History of Aycliffe
Aycliffe (originally ‘Acley’) probably take its name from two Saxon words: ‘Ac’, meaning oak, and ‘ley’, meaning ‘a clearing’. Saxon Middridge seems to have been sited near the Aycliffe golf course, on the ‘middle ridge’ between School Aycliffe and Eldon. Both villages seem to have been on the main road north in those days, and Aycliffe became quite important. Church synods were held there in AD 782 and AD 789, and Saxon remains can still be seen in Aycliffe Village church.
Saxon Aycliffe disappeared suddenly in 1069, when the Norman invaders destroyed the region. Most of the inhabitants were killed, or died of starvation and disease. The survivors were herded into prison camps. Aycliffe and Middridge were re-sited and rebuilt as bleak rows of huts around a village green. Their inhabitants became ‘serfs’; they were owned by the Bishop of Durham, and were made to work for him in the great Open Fields surrounding each village.
Insurrections and Industry
Through the centuries, the ‘serfs’ gained their freedom. They became independent-minded and quarrelsome; 28 of the inhabitants of Aycliffe and Middridge joined the 1569 rebellion, and 5 of them were executed for their part in it. During the seventeenth century, when the Open Fields in Middridge were divided up into separate farms, the process involved considerable ill-will and litigation! The new farmers built their own farmhouses – for instance Greenfield, Horndale and Williamfield – though the land was never very good farmland.
Then, in 1821, George Stephenson was asked to build the Stockton and Darlington Railway, and the Industrial Age came to south-west Durham – including a coal mine in Middridge and a railway line at Simpasture (it is possible to walk along the course of the Simpasture railway).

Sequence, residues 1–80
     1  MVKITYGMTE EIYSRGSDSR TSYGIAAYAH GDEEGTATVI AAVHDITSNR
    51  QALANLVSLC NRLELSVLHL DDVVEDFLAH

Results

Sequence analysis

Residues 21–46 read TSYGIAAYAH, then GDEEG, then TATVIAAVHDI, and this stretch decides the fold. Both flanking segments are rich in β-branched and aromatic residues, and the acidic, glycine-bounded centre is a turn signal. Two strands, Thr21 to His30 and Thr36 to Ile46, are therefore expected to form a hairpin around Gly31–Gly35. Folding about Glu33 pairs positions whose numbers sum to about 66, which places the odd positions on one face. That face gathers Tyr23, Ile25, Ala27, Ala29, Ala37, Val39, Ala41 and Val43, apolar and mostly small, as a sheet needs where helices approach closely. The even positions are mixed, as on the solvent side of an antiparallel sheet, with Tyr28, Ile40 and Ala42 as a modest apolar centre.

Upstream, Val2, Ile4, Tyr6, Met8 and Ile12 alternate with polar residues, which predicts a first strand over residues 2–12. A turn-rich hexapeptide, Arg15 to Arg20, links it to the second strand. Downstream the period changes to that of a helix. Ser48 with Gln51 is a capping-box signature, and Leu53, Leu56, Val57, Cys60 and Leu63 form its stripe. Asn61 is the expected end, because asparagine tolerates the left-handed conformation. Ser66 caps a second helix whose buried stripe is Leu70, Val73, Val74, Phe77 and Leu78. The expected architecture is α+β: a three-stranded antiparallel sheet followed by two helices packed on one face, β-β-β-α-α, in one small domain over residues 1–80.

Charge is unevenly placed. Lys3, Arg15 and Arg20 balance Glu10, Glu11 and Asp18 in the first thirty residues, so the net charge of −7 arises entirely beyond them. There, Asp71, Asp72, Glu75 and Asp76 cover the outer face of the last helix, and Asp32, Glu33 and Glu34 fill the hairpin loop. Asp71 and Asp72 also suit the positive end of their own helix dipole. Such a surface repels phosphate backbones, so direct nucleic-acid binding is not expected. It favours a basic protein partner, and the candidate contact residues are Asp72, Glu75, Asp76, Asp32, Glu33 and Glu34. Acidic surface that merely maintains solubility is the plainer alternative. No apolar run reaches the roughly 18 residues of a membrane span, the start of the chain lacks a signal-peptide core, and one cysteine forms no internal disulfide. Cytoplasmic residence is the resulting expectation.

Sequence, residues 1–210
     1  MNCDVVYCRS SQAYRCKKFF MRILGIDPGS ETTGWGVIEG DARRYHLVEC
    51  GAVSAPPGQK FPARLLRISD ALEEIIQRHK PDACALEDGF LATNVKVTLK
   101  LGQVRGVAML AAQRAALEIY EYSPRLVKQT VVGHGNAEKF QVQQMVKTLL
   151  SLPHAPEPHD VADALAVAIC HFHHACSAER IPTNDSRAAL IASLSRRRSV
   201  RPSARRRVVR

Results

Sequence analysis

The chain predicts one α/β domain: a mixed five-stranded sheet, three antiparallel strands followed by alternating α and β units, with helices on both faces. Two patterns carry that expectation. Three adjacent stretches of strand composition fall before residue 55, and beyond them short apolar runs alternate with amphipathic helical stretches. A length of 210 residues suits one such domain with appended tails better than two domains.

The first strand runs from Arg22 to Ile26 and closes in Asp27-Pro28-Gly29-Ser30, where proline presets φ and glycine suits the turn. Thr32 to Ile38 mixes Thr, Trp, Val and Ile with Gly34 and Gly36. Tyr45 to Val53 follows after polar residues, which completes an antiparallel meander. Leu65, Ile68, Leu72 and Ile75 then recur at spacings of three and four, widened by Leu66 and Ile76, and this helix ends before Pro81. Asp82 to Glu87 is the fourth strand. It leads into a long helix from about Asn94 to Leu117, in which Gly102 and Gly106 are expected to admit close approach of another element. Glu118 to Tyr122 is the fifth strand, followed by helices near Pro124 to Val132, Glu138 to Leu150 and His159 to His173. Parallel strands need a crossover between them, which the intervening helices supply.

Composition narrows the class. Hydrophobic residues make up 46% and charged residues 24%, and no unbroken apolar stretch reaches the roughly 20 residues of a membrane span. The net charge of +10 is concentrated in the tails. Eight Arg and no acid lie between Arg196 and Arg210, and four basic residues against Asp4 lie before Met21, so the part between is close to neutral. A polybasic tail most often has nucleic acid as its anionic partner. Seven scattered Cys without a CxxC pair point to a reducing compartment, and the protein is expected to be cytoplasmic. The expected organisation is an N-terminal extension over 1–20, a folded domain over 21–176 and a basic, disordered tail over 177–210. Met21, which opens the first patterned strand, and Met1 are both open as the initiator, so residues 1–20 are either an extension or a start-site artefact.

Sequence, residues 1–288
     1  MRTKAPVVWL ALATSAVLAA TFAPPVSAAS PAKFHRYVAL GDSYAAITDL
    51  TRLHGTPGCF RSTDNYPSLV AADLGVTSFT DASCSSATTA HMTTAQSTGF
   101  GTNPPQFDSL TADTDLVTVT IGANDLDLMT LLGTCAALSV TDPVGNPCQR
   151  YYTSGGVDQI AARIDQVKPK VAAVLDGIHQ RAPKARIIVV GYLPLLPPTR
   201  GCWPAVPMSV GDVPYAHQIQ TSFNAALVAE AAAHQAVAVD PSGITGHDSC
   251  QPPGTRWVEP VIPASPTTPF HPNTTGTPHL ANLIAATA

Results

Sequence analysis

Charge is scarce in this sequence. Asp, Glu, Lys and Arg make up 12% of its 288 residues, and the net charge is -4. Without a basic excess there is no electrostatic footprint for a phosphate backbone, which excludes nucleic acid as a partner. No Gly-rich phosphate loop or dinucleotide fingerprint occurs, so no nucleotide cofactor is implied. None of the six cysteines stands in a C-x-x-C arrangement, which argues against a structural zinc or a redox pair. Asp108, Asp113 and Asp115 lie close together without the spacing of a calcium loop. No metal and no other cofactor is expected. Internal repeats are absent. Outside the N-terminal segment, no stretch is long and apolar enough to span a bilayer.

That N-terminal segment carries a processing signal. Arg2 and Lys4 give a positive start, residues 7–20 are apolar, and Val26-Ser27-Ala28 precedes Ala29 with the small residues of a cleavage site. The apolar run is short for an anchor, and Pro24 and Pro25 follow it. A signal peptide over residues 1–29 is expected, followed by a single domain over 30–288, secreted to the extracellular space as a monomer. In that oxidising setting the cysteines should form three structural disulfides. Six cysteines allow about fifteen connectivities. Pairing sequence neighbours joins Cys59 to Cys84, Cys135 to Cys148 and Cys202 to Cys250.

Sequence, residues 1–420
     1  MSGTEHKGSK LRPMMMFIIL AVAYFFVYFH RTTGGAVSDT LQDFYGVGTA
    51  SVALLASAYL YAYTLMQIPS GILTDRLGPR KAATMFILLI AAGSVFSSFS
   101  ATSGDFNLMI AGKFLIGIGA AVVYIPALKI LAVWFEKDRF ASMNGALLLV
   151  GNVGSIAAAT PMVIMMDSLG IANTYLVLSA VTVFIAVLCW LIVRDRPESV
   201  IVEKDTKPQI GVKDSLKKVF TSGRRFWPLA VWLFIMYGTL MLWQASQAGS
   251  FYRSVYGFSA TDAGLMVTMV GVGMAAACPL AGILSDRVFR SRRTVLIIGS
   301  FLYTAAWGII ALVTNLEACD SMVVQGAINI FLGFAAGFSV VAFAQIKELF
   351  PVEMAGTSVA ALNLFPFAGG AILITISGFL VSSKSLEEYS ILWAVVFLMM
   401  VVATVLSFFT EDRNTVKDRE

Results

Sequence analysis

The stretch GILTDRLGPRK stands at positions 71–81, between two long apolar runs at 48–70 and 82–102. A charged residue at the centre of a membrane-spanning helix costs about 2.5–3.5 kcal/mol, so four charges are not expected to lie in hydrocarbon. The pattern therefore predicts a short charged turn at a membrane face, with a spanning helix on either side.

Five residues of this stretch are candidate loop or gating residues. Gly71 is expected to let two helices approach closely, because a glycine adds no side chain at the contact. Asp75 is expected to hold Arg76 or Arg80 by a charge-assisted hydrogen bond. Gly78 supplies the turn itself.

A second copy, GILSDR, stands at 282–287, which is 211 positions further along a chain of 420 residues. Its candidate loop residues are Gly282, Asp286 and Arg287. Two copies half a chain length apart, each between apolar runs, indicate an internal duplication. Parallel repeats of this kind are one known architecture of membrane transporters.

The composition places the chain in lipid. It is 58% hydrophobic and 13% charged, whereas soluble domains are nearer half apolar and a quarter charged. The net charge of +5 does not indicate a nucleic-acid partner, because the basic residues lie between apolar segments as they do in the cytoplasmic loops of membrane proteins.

The Beveridge Way
The Industrial Revolution brought its problems. The pit villages of County Durham were often just rows of slums. When the mines closed down, problems of unemployment were added to the problems of poor housing.
During the Second World War, however, the Government established an Ordnance Factory near Aycliffe Village, and after the war this became the basis of an industrial estate. On the poor farmland to the north, a ‘new town’ (of about 10,000 inhabitants) was planned, where the workforce could live. Building began on 28 June 1948. The County Council wanted people to move into ‘Newton Aycliffe’ from the old ‘Category D’ (scheduled to die) pit villages.
The first chairman of the ‘Aycliffe Development Corporation’ was Lord Beveridge. Beveridge chose Newton Aycliffe as the place to realise his vision of a ‘Welfare State’, where poverty, unemployment and squalor would be no more. He even came to live in one of the houses – though he did not find ‘life among the people’ quite as easy as he had expected. The ‘Master Plan’ for the new town envisaged a class-less society, where managers and men would live side-by-side in high-quality council houses. These were the days of the fearsome Miss Hamilton, who interviewed prospective tenants, and visited them to make sure they were keeping their council houses tidy!
Over the years, Newton Aycliffe has grown. Although much of Beveridge’s vision has been lost, the township has conquered its ‘new town blues’, and its people have established a vibrant, happy community.
John D. Clare